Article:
General News

Skier who died on Mount Washington was Vermont college student – NBC Boston

The backcountry skier who died on New Hampshire’s Mount Washington this weekend was a University of Vermont student, the school said Monday.

The skier was identified Sunday as Madison Saltsburg, 20, and a representative for the University of Vermont confirmed she was a junior from Pennsylvania, noting the community was “deeply saddened to learn” she had died.

“Our sincere thoughts are with Madie’s family and friends during this difficult time. A statement to the full university community is forthcoming and will include resources for members of our community impacted by this tragedy,” the representative said in a statement.

Saltsburg fell about 600 vertical feet (183 meters) on Saturday afternoon in very steep terrain and hard, icy conditions, the U.S. Forest Service said Sunday. Others were also injured Saturday including two people who sustained traumatic injuries from rocks and ice, though they’re expected to survive, the service said in a statement.

The three skiers had been in Tuckerman Ravine, an area popular with backcountry skiers. A rescue effort extended through a stormy night and into Sunday morning.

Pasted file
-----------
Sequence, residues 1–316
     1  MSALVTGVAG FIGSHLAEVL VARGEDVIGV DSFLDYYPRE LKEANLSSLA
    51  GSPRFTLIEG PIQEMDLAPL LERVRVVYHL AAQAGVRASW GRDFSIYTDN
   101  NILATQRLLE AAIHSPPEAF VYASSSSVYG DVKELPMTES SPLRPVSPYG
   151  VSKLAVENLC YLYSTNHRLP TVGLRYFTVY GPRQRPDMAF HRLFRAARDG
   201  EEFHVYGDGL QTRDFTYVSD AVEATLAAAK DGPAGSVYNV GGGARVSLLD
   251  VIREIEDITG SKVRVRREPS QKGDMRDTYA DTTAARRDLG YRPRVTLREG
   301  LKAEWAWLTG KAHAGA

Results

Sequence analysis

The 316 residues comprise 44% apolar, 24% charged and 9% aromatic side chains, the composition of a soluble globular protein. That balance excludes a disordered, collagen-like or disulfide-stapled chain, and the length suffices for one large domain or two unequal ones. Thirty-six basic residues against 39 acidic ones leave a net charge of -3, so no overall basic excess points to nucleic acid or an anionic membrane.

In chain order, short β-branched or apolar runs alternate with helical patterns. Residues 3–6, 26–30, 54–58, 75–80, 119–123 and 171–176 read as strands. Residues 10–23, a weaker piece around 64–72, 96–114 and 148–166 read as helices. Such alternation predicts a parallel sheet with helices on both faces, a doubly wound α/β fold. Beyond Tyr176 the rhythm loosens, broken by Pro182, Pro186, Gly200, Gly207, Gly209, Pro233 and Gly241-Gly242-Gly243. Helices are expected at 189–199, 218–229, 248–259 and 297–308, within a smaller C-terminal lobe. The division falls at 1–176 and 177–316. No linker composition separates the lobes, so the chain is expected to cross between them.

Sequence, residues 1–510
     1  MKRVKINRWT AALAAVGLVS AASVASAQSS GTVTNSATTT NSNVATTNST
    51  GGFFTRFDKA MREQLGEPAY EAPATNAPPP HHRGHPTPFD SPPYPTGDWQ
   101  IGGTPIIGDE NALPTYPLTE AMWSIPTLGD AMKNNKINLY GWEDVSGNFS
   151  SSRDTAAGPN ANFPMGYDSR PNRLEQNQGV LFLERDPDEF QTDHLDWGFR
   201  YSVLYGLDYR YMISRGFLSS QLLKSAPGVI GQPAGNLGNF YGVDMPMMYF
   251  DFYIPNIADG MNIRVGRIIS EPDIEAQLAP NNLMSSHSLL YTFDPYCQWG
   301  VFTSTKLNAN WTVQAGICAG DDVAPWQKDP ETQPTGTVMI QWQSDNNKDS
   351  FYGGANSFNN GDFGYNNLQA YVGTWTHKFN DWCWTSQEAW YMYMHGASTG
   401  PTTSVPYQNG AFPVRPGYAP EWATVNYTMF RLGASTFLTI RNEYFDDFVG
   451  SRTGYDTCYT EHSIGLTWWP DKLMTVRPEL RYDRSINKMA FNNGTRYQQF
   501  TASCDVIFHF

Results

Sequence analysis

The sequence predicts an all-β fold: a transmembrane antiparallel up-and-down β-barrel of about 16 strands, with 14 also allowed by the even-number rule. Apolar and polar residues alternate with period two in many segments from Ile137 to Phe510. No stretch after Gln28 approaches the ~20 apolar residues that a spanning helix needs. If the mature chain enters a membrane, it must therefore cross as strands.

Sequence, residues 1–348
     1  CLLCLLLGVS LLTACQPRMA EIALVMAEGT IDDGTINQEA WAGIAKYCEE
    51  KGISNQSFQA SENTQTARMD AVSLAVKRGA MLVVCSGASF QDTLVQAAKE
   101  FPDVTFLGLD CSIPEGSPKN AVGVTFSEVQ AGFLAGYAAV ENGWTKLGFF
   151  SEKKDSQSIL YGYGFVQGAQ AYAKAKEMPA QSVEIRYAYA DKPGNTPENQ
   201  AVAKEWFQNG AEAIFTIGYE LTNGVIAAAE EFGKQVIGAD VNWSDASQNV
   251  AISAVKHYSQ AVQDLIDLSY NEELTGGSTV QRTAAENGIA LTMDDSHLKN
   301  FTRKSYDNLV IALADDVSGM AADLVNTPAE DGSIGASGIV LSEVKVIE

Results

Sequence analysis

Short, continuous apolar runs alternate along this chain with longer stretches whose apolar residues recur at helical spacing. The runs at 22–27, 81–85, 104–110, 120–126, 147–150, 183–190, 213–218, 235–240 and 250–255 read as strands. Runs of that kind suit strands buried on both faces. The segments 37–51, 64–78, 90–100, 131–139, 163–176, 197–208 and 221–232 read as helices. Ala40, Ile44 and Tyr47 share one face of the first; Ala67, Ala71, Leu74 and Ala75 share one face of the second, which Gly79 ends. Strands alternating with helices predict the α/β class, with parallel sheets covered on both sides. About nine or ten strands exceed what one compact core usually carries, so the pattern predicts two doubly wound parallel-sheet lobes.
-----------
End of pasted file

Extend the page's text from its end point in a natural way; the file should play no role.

Mount Washington is the tallest in the Northeast and is notorious for its fickle weather. It is the sight of frequent rescues.

The night before the three people got into trouble, New Hampshire Fish and Game reported that a 23-year-old hiker from Kentucky had been rescued after going off trail and into the Ammonoosuc Ravine.

The hiker “fell and hit his head and face, lost one of his sneakers, and eventually became hypothermic,” the agency said in a statement.

“He was given boots, food, warm drink, proper winter gear, and a headlamp. He was then escorted back to the trail and then to the Cog Railway parking lot,” the agency said.

Another hiker who was rescued from the Ammonoosuc Ravine in February described his 11-hour ordeal to The Associated Press, acknowledging he had made some poor decisions and was underprepared for his hike.

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